Solid state transformers could be the next big thing in power electronics
(Energy Efficiency & Technology Via Acquire Media NewsEdge) There's been a lot of talk in the past few years about coming up
with a solid-state version of the distribution transformer that now
sits on utility poles in neighborhoods throughout the land. A
solid-state transformer (SST) would be at least as efficient as a
conventional version but would provide other benefits as well,
particularly as renewable power sources become more widely used.
Among its more notable strong points are on-demand reactive power
support for the grid, better power quality, current limiting,
management of distributed storage devices and a dc bus.
It is starting to look more likely that we'll see a practical
SST design as GaN and SiC power transistors with higher current and
voltage ratings start coming to market and their prices drop. But a
practical SST design could have an impact extending well beyond
transformers for electrical utilities.
One example of where SSTs could also find use is in
variable-frequency drives for big induction motors. In that regard,
Siemens Industry Inc.'s Drive Technologies Div. in New Kensington,
Pa. is keeping an eye on SST work now underway at North Carolina
State University's FREEDM System Center for smart grid research.
Siemens Principal Engineer Mark Harshman says use of SSTs in the
medium-voltage motor drives that Siemens makes could conceivably
reduce the size of the VFDs by 30% and have similar beneficial
effects on their overall efficiency levels.
There have been several topologies suggested for SSTs but most
being evaluated today are based around the idea of a dual active
bridge (DAB) converter. A DAB uses a power bridge to modulate the
incoming ac waveform into a high-frequency square wave. The square
wave gets passed through a small high-frequency transformer to
another power stage. This converter demodulates the square wave and
sends it to another inverter which produces low-voltage ac.
This scheme still uses a conventional transformer, but one
optimized for higher frequencies (typically about 1 kHz). This
makes it much smaller and lighter than transformers optimized for
ac line frequencies.
The high-frequency transformer gives the SST galvanic isolation.
It also has some leakage inductance in its primary and secondary
windings, which also helps synthesize soft switching. During
switching transients, transformer current resonates with the
capacitors in parallel with switching devices, limiting the dv/dt
and di/dt across the switches, thus reducing switching loss and
boosting power efficiency.
The fact that DAB converters have a symmetrical circuit
configuration lets them handle bi-directional power flows,
important when it comes to renewable sources sending power back up
the grid. The power flow of a DAB converter can be controlled by
varying the phase shift between those two bridges which changes the
voltage across the transformer leakage inductance. Power transfers
from the leading bridge to the lagging bridge.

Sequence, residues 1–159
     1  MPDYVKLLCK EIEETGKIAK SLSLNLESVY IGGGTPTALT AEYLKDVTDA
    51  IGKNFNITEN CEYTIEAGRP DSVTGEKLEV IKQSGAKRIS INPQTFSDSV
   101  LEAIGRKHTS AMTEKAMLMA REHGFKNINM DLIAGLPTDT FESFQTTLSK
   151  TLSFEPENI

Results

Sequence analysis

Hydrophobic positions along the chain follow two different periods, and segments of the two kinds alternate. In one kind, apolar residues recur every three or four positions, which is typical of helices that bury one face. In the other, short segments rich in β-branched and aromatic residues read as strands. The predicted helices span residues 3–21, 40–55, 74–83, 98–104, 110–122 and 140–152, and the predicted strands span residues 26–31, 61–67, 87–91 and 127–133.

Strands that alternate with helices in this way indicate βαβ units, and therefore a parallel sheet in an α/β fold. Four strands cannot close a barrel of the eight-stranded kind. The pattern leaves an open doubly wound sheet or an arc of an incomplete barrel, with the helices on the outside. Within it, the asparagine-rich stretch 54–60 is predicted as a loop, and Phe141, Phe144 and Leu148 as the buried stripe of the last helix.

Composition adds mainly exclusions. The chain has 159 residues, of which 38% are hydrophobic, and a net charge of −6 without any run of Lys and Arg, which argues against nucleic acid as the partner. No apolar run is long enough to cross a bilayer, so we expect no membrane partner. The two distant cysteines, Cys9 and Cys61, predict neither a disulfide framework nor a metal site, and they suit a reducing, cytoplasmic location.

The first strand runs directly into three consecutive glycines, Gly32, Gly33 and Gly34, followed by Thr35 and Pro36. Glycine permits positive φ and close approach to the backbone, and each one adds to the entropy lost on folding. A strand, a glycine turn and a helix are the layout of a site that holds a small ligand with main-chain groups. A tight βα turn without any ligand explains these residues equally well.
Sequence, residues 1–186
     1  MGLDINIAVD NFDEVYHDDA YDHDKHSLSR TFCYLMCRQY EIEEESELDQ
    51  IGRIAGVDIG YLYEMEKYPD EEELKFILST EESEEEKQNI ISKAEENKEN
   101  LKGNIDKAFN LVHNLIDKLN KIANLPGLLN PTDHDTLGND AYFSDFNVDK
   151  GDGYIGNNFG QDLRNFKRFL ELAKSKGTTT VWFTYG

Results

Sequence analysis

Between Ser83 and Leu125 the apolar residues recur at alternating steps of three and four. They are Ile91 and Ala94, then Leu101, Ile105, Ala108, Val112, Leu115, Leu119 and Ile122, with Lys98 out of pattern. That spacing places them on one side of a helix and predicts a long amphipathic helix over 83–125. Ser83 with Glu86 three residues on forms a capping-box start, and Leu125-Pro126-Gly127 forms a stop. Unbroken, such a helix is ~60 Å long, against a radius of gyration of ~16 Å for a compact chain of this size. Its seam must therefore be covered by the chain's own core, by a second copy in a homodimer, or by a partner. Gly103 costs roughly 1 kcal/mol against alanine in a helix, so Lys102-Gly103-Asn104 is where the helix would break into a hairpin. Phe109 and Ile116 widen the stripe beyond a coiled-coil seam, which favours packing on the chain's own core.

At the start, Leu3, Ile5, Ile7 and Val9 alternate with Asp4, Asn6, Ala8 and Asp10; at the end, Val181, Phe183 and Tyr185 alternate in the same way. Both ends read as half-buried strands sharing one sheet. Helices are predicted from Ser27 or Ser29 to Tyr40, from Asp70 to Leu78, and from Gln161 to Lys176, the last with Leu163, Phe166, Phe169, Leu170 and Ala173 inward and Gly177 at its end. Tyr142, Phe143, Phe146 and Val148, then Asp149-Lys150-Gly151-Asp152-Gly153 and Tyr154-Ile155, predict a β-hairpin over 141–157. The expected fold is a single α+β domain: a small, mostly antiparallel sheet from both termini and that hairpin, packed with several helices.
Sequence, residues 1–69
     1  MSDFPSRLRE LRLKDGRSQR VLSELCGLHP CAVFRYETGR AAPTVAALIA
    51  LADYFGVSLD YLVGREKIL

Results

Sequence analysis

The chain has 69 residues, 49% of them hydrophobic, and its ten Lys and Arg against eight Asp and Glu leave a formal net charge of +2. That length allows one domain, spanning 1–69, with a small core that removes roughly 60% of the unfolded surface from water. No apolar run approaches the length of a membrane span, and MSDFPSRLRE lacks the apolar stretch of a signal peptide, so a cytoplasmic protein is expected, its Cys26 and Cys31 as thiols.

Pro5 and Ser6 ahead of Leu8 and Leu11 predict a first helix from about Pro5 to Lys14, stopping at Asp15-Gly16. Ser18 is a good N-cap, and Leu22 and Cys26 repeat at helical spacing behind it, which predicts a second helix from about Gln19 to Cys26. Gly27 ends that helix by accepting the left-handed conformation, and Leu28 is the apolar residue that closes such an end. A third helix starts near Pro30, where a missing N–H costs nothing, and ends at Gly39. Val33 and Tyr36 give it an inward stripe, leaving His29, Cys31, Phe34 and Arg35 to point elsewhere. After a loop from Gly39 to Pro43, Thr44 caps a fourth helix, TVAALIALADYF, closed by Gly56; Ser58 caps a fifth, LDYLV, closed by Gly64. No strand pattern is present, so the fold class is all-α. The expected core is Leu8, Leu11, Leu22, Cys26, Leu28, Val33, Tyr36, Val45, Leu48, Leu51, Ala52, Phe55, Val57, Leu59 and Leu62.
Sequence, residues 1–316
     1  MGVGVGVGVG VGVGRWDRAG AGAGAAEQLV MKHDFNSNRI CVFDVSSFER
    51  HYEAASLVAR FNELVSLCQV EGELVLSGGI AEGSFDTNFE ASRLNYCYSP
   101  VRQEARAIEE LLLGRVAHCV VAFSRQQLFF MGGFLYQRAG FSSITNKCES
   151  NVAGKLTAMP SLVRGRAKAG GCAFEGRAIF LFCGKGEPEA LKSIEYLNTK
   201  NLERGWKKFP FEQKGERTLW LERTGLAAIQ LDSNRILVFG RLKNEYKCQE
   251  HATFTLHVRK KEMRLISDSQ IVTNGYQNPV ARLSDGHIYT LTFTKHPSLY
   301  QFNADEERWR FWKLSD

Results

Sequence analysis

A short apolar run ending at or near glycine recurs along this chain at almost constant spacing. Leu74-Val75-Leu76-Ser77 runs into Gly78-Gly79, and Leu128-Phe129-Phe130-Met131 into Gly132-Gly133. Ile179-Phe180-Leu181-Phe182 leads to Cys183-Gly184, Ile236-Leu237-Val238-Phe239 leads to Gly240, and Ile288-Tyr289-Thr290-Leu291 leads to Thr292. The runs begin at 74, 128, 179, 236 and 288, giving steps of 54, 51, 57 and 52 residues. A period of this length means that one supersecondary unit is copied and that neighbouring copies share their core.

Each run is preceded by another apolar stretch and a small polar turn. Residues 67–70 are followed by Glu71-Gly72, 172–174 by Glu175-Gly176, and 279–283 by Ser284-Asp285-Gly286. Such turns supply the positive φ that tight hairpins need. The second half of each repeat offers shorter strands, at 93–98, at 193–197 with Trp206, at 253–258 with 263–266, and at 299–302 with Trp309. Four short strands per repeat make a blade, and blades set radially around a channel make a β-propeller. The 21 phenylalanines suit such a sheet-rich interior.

One of the difficulties in fabricating a SST is that the 7.2-kV
line voltages that characterize distribution power lines exceed the
operating voltage of today's IGBTs, 6.5 kV. So multiple devices
must be used in series to keep below the operating maximum. The NC
State prototype, for example, uses a topology that includes a
seven-level cascaded H-bridge for the high voltage rectifier
There are other difficulties as well. One is that the minimum
current rating for the 6.5-kV IGBTs is 200 A. This is too large for
the 20 kVA transformer NC State is building because the input
current is only about 3 Arms. Thermal issues also affect the SST's
operation, which has forced NC State researchers to come up with
special packaging for their 25-A IGBTs. Additionally, the team had
to come up with a way to isolate IGBT drivers for both power supply
and gating signals.
To sense the 7.2 kVac voltage, the researchers devised a sensor
that was compact and which incorporated high-voltage isolation
because existing models were too large and not isolated from the
high input voltage. Finally, they had to get around the fact that
the insulation capability for 6.5-kV IGBT is 10.2 kV, but the
high-voltage-side dc bus voltage is 11.4 kV. They ended up floating
the heatsink for each 6.5-kV IGBT while maintaining ample clearance
and creepage distance between the heatsinks. To keep the voltage
across input inductor down to manageable levels, the team built
eight identical inductors and put them in series so the maximum
voltage stress for each of them is just 0.9 kV.
Researchers have also developed a prototype using 15 kV SiC
MOSFET/JBS diodes. They are not trying to identify other major
issues related to implementing a high-voltage system using SiC
power devices, including the challenges in designing a system to
support high dV/dt and dI/dt, and to design an efficient and
compact high-frequency transformer.
More info from the FREEDM project: http://www.freedm.ncsu.edu/index.php s=3&p=439&i=2
© 2012 Penton Media
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